Decades of academic research confirms what we educators know to be true: The more feedback students receive about their work, the more they learn. In fact, Bellon, Bellon and Blank (1991) state that “academic feedback is more strongly consistently related to achievement than any other teaching behavior” (p. 2).

So if feedback is core to student learning, what then is the most effective kind of feedback? How can feedback be most valuable for students? University of Auckland professors Helen Timperly and John Hattie (2007) describe how student feedback should be insightful, giving students actionable information about what they’re doing right or wrong and next steps towards improvement. A comment like “Great job!” or “This paragraph needs work” lacks enough specificity to help students do better the next time.

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In addition to being insightful, research also shows student feedback should be timely, consistent, and linked to particular goals or outcomes if it’s to be effective. A 2011 study found that participants who received immediate feedback experienced “significantly larger” performance gains than those who were given delayed feedback. Providing feedback to accommodate student learning curves and subsequent assessment is critical to learning–and feedback provided a month after the fact has less efficacy.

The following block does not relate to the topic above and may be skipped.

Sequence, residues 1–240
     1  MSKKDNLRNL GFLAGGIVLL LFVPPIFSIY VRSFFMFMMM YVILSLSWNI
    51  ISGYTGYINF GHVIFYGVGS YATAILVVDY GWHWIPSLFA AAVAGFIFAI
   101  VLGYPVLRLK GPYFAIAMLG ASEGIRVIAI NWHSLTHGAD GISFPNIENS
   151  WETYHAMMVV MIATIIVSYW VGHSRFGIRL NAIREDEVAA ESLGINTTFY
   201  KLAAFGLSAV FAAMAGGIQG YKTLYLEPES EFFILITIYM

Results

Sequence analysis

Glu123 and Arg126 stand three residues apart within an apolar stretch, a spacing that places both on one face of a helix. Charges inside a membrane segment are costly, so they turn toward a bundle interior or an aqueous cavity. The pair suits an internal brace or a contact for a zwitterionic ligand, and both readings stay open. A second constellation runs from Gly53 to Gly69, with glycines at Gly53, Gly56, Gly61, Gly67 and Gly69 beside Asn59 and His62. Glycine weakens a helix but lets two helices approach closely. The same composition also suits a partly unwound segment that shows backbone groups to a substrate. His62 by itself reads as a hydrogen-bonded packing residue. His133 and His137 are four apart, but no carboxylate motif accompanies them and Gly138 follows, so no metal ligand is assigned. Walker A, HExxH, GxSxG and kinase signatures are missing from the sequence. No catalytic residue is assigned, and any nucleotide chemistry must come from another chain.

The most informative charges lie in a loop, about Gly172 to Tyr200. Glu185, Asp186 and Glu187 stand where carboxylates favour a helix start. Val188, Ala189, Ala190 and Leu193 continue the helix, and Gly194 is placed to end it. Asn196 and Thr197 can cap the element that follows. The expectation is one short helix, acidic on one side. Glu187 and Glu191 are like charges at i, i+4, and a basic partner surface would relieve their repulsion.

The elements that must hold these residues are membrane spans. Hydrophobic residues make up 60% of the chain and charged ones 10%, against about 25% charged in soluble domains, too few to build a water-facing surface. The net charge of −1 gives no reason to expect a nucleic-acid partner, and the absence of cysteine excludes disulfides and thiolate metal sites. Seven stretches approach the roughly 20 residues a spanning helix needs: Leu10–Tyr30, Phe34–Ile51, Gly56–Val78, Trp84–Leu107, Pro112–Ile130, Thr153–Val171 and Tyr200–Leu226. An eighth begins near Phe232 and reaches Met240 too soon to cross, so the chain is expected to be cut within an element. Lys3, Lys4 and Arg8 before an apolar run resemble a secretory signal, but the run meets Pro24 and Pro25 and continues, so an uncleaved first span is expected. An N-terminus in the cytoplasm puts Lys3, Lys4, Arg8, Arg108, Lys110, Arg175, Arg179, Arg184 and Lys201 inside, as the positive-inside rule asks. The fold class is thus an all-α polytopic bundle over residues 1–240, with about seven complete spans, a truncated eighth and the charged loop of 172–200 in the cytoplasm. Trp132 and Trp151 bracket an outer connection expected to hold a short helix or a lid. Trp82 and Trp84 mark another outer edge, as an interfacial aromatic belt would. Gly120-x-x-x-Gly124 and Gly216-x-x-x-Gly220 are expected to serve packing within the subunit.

But as we educators all know—ideal scenarios are difficult to achieve in real life.

About the Author:

Christine Lee is Distinguished Visiting Writer at Saint Mary’s College of California MFA in Writing program. She is a faculty member on special assignment with Turnitin assisting faculty in understanding, teaching about, and encouraging student academic integrity.

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